Hi. I have been in your position -- wanting to diversify but being on a budget and not being in an area where there were lots of options. I would encourage you to find ways to "test drive" as many different makers as possible. There may be a conference or workshop that you can get to -- or check out the dulcimer club page and see if you can get to a club event (even if just once). What you will find is that there are many, many talented makers but some set ups will "fit" and others will be "lovely, but not for me".
Here's my path: I bought my first dulcimer from a neighbor who made it in his wood shop. No 6.5 fret and big strings (he's a tough ole banjo player). I learned on it but it was not a delight to play. My next purchase was a Ron Gibson that I ordered based on a sound file that he posted. I was a nervous wreck spending that much money on something I hadn't handled. It was very, very stressful. The Angels were smiling on me and Ron's instrument is a splendid beauty that fits me well. Whew! (It arrived Christmas Eve! A grand holiday!). I can definitely recommend Ron Gibson.
I had opportunities to handle Blue Lion and think they are marvelous -- what a lovely make -- but then I saw an affordable McSpadden on the area Craigslist and grabbed it -- only to find it had ancient, slipping tuners. That is fixable but for more $$. And that's where poking around has led to a real blessing: Ron Kunkle lives in Shelton, WA and makes dulcimers, Native flutes and other things. Although I don't own a "Kunkle" I think the workmanship is superb and Ron K helped me revive the slipping McSpadden. Through Ron Kunkle I've learned to "see" much more of what dulcimer construction is about. I think Ron Kunkle's instruments are just as fine as any I've handled -- but he's not well known outside our area.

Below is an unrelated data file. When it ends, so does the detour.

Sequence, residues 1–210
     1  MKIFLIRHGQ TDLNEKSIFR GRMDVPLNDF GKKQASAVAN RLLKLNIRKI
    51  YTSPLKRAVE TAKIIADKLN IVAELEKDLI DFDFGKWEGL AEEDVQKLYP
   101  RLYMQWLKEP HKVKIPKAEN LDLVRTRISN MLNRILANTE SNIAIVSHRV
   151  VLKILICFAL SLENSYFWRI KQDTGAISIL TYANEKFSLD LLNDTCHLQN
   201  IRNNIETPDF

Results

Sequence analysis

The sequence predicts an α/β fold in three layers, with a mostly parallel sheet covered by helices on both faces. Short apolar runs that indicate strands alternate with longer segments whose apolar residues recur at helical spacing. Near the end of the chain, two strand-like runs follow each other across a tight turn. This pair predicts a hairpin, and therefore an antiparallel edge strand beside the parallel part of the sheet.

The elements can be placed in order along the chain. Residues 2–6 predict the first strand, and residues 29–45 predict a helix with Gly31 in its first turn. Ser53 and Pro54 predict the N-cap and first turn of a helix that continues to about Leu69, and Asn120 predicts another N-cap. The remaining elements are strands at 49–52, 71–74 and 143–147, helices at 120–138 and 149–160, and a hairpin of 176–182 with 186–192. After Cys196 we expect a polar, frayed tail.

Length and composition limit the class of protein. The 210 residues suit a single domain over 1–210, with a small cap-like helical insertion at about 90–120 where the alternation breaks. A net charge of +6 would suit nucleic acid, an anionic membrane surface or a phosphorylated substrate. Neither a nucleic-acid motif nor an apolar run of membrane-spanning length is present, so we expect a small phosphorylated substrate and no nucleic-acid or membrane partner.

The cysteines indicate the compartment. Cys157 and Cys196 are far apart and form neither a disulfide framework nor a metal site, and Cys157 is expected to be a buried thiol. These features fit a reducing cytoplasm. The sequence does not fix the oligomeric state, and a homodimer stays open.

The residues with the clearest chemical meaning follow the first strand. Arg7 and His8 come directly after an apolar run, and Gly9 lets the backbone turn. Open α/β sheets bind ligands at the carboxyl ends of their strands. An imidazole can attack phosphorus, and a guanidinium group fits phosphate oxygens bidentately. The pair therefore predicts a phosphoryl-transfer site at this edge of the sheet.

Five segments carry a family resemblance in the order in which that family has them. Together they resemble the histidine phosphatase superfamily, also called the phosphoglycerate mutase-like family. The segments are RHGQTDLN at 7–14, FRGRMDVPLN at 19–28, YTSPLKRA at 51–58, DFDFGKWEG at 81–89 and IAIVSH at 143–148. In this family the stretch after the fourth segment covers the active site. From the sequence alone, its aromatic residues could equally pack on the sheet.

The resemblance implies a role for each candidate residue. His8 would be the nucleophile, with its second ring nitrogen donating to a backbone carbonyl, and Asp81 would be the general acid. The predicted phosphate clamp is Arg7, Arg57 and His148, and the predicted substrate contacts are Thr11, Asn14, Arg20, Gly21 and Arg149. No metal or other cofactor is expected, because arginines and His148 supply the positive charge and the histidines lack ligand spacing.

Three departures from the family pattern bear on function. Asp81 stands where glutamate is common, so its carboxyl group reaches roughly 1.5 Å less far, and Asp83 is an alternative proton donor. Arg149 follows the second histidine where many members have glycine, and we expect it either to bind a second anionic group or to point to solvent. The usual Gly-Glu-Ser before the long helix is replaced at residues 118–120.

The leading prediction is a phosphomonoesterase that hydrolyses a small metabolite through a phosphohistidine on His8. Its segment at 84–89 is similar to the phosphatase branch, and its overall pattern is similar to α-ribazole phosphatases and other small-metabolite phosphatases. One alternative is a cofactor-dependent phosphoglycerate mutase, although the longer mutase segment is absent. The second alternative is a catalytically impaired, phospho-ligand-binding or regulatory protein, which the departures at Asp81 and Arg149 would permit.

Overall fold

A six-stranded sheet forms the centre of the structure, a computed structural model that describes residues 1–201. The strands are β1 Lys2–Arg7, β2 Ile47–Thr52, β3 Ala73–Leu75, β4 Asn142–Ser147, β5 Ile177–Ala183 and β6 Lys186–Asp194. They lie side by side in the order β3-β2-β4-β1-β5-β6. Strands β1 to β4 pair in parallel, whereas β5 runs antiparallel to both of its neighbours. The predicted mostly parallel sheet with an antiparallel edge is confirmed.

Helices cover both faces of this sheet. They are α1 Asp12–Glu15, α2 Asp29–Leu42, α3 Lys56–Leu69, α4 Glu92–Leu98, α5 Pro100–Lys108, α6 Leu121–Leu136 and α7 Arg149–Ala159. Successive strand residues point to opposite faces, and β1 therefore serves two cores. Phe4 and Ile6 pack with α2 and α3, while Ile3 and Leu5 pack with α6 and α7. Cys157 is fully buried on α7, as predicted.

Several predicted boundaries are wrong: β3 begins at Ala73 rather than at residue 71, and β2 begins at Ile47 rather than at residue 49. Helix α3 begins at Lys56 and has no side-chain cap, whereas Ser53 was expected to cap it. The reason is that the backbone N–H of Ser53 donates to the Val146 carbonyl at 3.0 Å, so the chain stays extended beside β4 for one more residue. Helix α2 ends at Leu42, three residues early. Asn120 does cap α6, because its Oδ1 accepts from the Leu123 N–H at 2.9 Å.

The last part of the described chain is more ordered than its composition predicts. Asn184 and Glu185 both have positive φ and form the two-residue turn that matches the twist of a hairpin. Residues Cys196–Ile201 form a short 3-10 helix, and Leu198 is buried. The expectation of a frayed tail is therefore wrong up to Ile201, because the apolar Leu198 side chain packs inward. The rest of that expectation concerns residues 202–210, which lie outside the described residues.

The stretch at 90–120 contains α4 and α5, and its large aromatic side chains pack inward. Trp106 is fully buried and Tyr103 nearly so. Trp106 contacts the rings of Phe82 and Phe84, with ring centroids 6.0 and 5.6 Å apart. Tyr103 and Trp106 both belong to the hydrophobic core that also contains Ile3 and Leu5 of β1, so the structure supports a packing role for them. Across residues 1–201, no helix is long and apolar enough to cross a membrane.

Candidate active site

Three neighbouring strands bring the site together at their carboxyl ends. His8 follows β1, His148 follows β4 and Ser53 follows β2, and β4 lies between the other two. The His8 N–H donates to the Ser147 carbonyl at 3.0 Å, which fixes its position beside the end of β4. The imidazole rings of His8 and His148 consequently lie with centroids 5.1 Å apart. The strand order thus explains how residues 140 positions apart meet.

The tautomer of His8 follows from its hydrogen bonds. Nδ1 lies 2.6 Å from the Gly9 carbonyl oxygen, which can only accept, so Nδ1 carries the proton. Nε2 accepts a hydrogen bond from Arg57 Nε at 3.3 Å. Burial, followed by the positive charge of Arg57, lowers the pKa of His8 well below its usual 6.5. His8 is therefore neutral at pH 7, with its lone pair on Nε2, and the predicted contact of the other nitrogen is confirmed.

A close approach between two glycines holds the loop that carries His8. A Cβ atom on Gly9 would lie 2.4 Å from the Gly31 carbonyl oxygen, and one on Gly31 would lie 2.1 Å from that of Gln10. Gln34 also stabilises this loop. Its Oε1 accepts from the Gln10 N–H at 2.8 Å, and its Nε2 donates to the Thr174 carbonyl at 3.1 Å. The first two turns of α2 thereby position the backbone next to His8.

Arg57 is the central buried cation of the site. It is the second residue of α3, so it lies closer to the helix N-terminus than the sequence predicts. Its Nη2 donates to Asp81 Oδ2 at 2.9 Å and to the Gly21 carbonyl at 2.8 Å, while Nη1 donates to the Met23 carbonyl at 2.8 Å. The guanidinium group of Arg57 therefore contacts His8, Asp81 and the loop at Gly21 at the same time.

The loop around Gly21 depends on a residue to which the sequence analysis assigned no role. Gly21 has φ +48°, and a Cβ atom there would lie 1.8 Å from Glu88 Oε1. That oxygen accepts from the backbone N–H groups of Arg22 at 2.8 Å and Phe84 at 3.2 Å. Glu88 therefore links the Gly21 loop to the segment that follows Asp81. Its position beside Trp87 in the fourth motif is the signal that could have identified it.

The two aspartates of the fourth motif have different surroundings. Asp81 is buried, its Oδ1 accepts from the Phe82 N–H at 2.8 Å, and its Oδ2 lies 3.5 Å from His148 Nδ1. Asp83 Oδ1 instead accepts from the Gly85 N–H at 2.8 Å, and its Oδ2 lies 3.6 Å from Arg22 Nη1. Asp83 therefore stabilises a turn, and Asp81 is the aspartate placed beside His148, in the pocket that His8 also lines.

Then there was the near disaster: I saw a dulcimer in the commission space of the local guitar store. Oh, what a beauty! I almost paid bucks on the spot. I asked to play the instrument. Ugh. A mess. The guitar store employees said they would throw in some new strings. Fortunately I chickened out and spoke to "our Ron " (Ron Kunkle) who speculated that perhaps a fret had risen (which can happen in our damp climate). I went back to the guitar store and sighted down the fret board. It was like the Himalayas with some things low, some high and some very high. I suspect that beautiful, beautiful instrument was stored in an unheated storage unit for a long time.
In short, be cautious. When we can't spend money, let's spend time so that the few bucks we have aren't wasted on a pseudo bargain. If you are not part of a club, please consider finding a public space and starting one (ours is in the community room at the fire station). I say "public space" so that you don't have to clean house! (also there should be parking and accessible bathrooms). Libraries, churches, schools are all possibilities. Our local club has been an enormous blessing to me because it brings me into contact with more experienced players, new songs and gives us all a chance to oogle and handle various styles of dulcimers.
There may be much more in your area that you know. An unknown (like our Ron Kunkle) who produces magic may be around the corner -- with the added blessing that you can handle to your heart's content. Who would have guessed there were such dulcimer riches in . . . western Washington? I've been so happily surprised by how many instruments and nice people pop up when one has an eye out -- I wish you your own happy ending!